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Hello and welcome to Living Black, coming to you from Thursday Island in the Torres Strait. I'm Karla Grant. In today's program - trouble in paradise. A political controversy on Murray Island. Nothing should nd. Nothing should ever stop a person who lives outside to come back and come back to the ancestral land. On the edge of living memory, old photographs from Arnhem Land reveal a way of life almost forgotten.It is impossible to describe what an extraordinary court will treasure that this is. And we explore the Aboriginal love for rodeo.

Earlier this year Murray Island became embroiled in a political controversy. Allan Clarke investigates. A lush volcanic paradise on the eastern extremity of Torres Strait. Murray Island, or as it's traditionally known, Mer Island. At first glance for some it may appear to simply be an isolated outpost of Australia. But what stands out the most to those who visit Mer is how rich the culture and custom is here. So much so that this island formed the cornerstone of it's most celebrated son Eddie Mabo's historic native title victory. Today that tenacity and spirit of independence remains strong.Murray Island, compare it to the world, not to mention the rest of Australia, you can not see it. It is so small, not even a speck of dust, but the Tug Moki Moki shook the world and we feel lucky that we based upon this structure.But earlier this year Ron Day found himself caught up in a different politcial dispute, one which divided the island community. In April, Murray Islanders elected Aven Noah ahead of Ron to the Torres Strait Regional Council. A month later, however, a court stripped Aven of this electoral victory.The thing about that election was that I challenged in a sense for my residency, residency that according to a specific act that I had to stay two years. That really questioned me as an indidivual because having been born and raised here on Murray, no matter where you live as a Murray Islander, whther you live in Sydney or Timbuktu, you are still affiliated with the customs of this community. No act nothing should ever stop a Meriam person that lives outside to come back to the ancestral land.He's talking about the Queensland Local Government Act, which states that anyone running for the Torres Strait Regional Council must live on their island for a period of more than two years. No other part of Queensland is subject to the criteria. Aven says that the act discriminates and has contributed to the distrust of the government amongst those who voted for him.They said that I was going to be the one to come back and lead the community and they were disappointed and disappointed in the system as such and the question they started to ask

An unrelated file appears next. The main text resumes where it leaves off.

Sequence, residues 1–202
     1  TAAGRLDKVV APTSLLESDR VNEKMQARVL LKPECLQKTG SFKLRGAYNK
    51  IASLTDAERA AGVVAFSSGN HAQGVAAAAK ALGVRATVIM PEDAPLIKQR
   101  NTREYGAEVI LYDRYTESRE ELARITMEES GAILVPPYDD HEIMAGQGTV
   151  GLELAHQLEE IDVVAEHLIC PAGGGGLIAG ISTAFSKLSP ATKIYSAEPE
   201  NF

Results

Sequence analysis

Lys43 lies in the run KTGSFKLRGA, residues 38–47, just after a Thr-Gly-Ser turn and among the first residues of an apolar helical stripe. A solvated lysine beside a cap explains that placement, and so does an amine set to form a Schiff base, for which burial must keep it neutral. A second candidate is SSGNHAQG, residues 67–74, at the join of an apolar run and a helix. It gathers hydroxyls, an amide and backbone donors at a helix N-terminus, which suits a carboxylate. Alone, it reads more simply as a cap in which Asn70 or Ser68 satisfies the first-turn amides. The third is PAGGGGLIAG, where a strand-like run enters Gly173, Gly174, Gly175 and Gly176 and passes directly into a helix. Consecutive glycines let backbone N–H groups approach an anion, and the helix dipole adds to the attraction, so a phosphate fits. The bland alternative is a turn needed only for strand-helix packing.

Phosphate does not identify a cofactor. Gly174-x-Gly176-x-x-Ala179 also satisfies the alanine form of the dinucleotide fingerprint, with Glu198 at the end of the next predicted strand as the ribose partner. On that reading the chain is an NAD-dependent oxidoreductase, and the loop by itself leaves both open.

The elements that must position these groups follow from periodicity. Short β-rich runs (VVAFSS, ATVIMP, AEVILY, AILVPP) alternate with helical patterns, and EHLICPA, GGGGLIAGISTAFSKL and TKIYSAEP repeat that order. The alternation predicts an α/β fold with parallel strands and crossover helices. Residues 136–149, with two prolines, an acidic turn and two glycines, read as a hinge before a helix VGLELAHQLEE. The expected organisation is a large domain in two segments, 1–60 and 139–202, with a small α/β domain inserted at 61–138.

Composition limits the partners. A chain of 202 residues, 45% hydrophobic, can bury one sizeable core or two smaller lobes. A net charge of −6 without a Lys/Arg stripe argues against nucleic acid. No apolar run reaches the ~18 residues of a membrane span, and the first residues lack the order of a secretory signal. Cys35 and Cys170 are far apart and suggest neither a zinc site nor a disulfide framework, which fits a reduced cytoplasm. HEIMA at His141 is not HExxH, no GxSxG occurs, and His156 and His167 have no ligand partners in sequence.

Ron Day is a respected elder here on Murray, active in local goevrnment and community affairs for years.Ron ran as an opponent to Aven in the elections. After results were announced he launched the court challenge against Aven, disputing his eligibility under the residency requirement.